Most treatments of travel time reliability establish a baseline travel time through observation and then evaluate how different sources of uncertainty will affect actual travel times. The measured reliability is the probability that the baseline travel time plus uncertainty will be less than a desired value. Uncertainty is generated by two fundamental source: demand variation and capacity variation. Most attempts at describing travel time reliability have been based on the variation of travel time under normal daily (or other cyclical) usage variations. In these studies, each link is generally assumed to offer a normally-distributed range of travel times. These link travel time distributions are combined to compute the probability distribution of travel times for an entire path. 
Travel time reliability is analyzed from two approaches: Scheduling Delays with uncertainty, and Mean-Variance. The first assumes travelers have a preferred arrival time, and thus variations around this time time may be classified as schedule early or late delays. The second assumes an average travel time (mean) for the travelers, and variations around this time are classified as variance. Both approaches may be equal under some circumstances 
Capacity Reliability 
Capacity reliability measures the probability that the network can handle a specific amount of demand. It can also be viewed as the probability that a network use will be able to complete a trip without encountering a degraded or over-capacity link. In this sense it is a refinement of terminal reliability, which considers neither link capacity nor user demand and link selection.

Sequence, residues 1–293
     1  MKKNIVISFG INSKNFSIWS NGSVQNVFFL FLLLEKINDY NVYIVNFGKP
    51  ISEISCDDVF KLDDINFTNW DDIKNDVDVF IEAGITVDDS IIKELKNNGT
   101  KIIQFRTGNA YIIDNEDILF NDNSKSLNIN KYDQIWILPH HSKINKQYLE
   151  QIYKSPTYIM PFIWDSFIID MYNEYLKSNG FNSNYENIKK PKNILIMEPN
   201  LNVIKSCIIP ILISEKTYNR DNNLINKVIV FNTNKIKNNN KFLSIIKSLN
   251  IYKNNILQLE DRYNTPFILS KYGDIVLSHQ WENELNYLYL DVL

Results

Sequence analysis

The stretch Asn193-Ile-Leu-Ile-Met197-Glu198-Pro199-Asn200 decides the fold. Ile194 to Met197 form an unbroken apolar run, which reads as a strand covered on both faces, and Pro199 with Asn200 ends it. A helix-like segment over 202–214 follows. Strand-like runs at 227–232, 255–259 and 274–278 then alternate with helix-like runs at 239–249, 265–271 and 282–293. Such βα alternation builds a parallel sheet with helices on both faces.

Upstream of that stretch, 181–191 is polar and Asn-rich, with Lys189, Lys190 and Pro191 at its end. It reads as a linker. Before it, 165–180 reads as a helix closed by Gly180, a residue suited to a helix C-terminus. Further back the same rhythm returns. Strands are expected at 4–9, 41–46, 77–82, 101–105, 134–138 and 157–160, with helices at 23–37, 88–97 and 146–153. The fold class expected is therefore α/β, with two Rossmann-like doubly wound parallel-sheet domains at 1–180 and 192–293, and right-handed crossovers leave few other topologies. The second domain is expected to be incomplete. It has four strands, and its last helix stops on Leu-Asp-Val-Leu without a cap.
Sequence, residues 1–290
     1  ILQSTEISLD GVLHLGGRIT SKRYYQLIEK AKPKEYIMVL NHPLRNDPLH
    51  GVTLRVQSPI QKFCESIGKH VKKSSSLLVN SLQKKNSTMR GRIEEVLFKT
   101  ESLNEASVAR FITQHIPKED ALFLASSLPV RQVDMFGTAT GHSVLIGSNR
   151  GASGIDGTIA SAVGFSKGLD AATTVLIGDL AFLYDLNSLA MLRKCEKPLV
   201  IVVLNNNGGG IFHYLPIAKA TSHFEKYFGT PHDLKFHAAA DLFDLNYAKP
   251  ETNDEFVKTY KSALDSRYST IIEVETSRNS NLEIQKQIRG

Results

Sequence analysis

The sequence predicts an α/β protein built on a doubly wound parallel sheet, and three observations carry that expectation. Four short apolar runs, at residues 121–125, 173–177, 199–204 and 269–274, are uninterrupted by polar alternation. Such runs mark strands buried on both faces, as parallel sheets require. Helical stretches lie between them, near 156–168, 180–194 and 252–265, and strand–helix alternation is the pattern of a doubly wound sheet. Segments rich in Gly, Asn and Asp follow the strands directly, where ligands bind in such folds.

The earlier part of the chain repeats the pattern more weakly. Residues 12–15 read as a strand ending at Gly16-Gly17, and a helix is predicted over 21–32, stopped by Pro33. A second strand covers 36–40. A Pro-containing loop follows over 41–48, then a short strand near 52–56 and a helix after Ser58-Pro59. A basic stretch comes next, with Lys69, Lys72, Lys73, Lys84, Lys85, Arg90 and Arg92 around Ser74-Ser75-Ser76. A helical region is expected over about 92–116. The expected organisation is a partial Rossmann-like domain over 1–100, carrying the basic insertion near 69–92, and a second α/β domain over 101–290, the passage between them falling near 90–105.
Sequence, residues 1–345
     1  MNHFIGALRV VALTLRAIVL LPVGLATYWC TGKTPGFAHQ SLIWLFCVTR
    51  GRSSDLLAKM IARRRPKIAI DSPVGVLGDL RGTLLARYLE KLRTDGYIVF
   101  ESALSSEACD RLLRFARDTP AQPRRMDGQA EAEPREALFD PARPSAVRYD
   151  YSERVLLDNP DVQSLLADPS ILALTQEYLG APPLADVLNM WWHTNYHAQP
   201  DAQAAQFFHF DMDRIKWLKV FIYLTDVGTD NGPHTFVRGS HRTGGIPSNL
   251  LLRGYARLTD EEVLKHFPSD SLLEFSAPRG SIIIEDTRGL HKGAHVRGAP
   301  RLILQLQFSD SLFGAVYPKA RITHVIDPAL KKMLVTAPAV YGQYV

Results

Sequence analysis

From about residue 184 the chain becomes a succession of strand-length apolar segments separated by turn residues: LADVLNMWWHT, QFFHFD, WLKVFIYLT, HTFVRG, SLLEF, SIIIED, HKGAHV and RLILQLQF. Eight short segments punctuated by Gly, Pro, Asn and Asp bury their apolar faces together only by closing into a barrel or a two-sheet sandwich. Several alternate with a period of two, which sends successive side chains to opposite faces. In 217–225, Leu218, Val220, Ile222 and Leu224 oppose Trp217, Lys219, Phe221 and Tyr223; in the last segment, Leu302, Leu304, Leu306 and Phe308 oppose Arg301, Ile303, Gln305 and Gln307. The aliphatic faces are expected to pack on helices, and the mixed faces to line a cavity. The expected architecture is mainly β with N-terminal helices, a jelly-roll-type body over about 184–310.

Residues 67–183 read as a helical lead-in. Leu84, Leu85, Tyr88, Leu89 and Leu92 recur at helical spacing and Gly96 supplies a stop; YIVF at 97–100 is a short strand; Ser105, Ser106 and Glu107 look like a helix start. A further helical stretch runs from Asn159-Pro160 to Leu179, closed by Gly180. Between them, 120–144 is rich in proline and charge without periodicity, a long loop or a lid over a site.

Proposed calculations of capacity reliability begin estimating a network’s reserve capacity, which represents the volume of traffic the network can handle above some baseline without reaching its maximum capacity or exceeding some defined service level. Existing studies have modeled reserve capacity as a multiplier applied to the baseline traffic volume. Simulation techniques are then applied to model network users’ responses to degraded links, rerouting network flow as links begin to reach capacity.  
Vulnerability has been treated with varying degrees of complexity. In its simplest treatment, vulnerability is effectively the inverse of reliability: as a network’s reliability decreases, its vulnerability increases and vice versa.
A more complex theory of vulnerability connects the ideas of reliability and network resilience by considering how network structure mitigates or aggravates the effect of link degradation. Vulnerability is evaluated for each link in the network and reflects the degree to which network performance (by some chosen measure) is affected if a particular link is degraded. A link is highly vulnerable if a small degradation results in a large reduction of network performance.
This approach to vulnerability could be extended to encompass whole-network vulnerability by computing the ratios of links in a network that have various values of vulnerability. A network with a high proportion of highly vulnerable links would be described as highly vulnerable.